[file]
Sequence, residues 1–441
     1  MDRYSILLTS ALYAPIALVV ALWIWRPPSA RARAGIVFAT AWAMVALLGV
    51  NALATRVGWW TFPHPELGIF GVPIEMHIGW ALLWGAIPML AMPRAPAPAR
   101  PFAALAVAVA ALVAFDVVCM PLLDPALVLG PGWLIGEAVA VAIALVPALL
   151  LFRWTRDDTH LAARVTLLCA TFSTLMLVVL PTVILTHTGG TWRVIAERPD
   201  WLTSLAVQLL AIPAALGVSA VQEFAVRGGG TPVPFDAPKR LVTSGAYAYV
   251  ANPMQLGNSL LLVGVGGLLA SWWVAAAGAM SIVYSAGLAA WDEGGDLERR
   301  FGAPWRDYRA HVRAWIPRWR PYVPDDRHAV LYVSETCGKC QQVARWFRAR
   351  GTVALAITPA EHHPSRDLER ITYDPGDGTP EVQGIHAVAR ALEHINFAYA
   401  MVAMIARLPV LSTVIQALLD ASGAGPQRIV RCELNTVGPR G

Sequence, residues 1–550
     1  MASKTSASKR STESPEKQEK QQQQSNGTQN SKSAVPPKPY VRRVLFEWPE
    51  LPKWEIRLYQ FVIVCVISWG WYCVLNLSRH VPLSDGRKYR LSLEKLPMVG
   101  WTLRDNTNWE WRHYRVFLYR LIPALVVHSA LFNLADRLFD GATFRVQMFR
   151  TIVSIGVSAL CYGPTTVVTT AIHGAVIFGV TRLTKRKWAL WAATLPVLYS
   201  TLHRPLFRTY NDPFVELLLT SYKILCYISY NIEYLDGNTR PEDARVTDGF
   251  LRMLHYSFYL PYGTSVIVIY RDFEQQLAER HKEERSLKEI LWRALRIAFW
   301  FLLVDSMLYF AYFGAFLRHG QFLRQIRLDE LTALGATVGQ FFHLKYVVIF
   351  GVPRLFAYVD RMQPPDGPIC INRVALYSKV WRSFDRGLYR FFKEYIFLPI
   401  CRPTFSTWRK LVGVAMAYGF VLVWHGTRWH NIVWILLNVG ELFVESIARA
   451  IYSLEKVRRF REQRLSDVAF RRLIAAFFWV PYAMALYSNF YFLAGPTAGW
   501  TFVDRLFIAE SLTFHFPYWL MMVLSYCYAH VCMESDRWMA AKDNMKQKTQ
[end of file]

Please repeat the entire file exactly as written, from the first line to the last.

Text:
Sequence, residues 1–441
     1  MDRYSILLTS ALYAPIALVV ALWIWRPPSA RARAGIVFAT AWAMVALLGV
    51  NALATRVGWW TFPHPELGIF GVPIEMHIGW ALLWGAIPML AMPRAPAPAR
   101  PFAALAVAVA ALVAFDVVCM PLLDPALVLG PGWLIGEAVA VAIALVPALL
   151  LFRWTRDDTH LAARVTLLCA TFSTLMLVVL PTVILTHTGG TWRVIAERPD
   201  WLTSLAVQLL AIPAALGVSA VQEFAVRGGG TPVPFDAPKR LVTSGAYAYV
   251  ANPMQLGNSL LLVGVGGLLA SWWVAAAGAM SIVYSAGLAA WDEGGDLERR
   301  FGAPWRDYRA HVRAWIPRWR PYVPDDRHAV LYVSETCGKC QQVARWFRAR
   351  GTVALAITPA EHHPSRDLER ITYDPGDGTP EVQGIHAVAR ALEHINFAYA
   401  MVAMIARLPV LSTVIQALLD ASGAGPQRIV RCELNTVGPR G

Sequence, residues 1–550
     1  MASKTSASKR STESPEKQEK QQQQSNGTQN SKSAVPPKPY VRRVLFEWPE
    51  LPKWEIRLYQ FVIVCVISWG WYCVLNLSRH VPLSDGRKYR LSLEKLPMVG
   101  WTLRDNTNWE WRHYRVFLYR LIPALVVHSA LFNLADRLFD GATFRVQMFR
   151  TIVSIGVSAL CYGPTTVVTT AIHGAVIFGV TRLTKRKWAL WAATLPVLYS
   201  TLHRPLFRTY NDPFVELLLT SYKILCYISY NIEYLDGNTR PEDARVTDGF
   251  LRMLHYSFYL PYGTSVIVIY RDFEQQLAER HKEERSLKEI LWRALRIAFW
   301  FLLVDSMLYF AYFGAFLRHG QFLRQIRLDE LTALGATVGQ FFHLKYVVIF
   351  GVPRLFAYVD RMQPPDGPIC INRVALYSKV WRSFDRGLYR FFKEYIFLPI
   401  CRPTFSTWRK LVGVAMAYGF VLVWHGTRWH NIVWILLNVG ELFVESIARA
   451  IYSLEKVRRF REQRLSDVAF RRLIAAFFWV PYAMALYSNF YFLAGPTAGW
   501  TFVDRLFIAE SLTFHFPYWL MMVLSYCYAH VCMESDRWMA AKDNMKQKTQ